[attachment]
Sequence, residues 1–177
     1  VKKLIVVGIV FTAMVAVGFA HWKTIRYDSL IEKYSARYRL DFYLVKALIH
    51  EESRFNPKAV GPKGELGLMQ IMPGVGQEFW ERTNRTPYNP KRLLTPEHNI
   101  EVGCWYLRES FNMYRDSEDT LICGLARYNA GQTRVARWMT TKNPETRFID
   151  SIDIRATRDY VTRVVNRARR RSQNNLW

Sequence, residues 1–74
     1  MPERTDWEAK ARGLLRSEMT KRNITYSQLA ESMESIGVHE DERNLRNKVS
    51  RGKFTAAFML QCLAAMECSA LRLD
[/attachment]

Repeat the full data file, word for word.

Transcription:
Sequence, residues 1–177
     1  VKKLIVVGIV FTAMVAVGFA HWKTIRYDSL IEKYSARYRL DFYLVKALIH
    51  EESRFNPKAV GPKGELGLMQ IMPGVGQEFW ERTNRTPYNP KRLLTPEHNI
   101  EVGCWYLRES FNMYRDSEDT LICGLARYNA GQTRVARWMT TKNPETRFID
   151  SIDIRATRDY VTRVVNRARR RSQNNLW

Sequence, residues 1–74
     1  MPERTDWEAK ARGLLRSEMT KRNITYSQLA ESMESIGVHE DERNLRNKVS
    51  RGKFTAAFML QCLAAMECSA LRLD